© Richard Harrington

Big Seaweed Search

Contribute to research by recording seaweed species found on your local shore

© Natasha Ewins

The Big Seaweed Search is a partnership between the Natural History Museum and the Marine Conservation Society.

UK coasts and shallow seas are nicknamed a “goldilocks” zone for seaweeds - it is not too hot, not too cold for them. In fact, conditions are just right! Over 650 species live and thrive around our shores.

But marine environments are changing – sea temperatures are increasing, sea levels are rising and the ocean is becoming more acidic, and this is affecting the distribution of different species of seaweed.

We want to know more about some of the seaweed species found in UK waters, identifying exactly where they are found and how this may change over time.

Here’s where you come in - we want you to head to the coast this summer and start exploring!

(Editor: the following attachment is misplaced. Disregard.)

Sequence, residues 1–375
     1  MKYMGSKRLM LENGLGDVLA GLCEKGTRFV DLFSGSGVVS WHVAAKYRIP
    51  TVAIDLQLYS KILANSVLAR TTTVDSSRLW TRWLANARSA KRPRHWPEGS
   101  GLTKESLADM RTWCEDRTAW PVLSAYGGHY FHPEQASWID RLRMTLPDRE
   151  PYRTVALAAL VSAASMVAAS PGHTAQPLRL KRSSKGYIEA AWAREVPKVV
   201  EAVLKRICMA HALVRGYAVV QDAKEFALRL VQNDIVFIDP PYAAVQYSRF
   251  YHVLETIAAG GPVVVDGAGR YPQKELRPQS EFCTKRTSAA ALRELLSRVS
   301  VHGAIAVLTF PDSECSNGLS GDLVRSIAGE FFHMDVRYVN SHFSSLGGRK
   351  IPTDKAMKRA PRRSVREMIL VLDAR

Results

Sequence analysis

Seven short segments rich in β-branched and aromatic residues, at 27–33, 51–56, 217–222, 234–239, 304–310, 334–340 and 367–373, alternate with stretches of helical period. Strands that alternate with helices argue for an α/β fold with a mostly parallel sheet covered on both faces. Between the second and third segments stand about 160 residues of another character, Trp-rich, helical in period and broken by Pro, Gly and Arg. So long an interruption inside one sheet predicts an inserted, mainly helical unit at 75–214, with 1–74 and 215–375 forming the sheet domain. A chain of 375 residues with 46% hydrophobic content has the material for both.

It’s easy to take part. A Big Seaweed Search guide explains what you need to do, and helps you to identify each of the seaweeds we are focussing on. You can complete the simple survey on a mobile, tablet or pc.

What we’re looking for

…People to take part in the Big Seaweed Survey! All you need to do is use the ID guides and submit data on the 14 seaweed species listed. The species have been chosen as they may indicate changes in our seas, for example:


Coral weed Corallina sp, a red-pink species with a chalky structure that could be affected by changing acidity levels in seawater.

Introduced species

Wakame (Undaria pinnatifida) is a kelp like weed that isn’t native to our shores and is spreading its range.

Temperature rise

Wracks such as bladder wrack (Fucus vesiculosus) and other seaweeds may be affected by rising sea temperatures.

Actions you can take

  1. Register to take part in the Big Seaweed Search

Did you know?…

Every year, volunteers give us over 1,000 days of their time

MCS encourages people to visit the coast, learn about the marine environment and enjoy it and provides ways they can help to keep it healthy and productive into the future

Last year, over 300 Seasearch divers spent over 8 weeks surveying underwater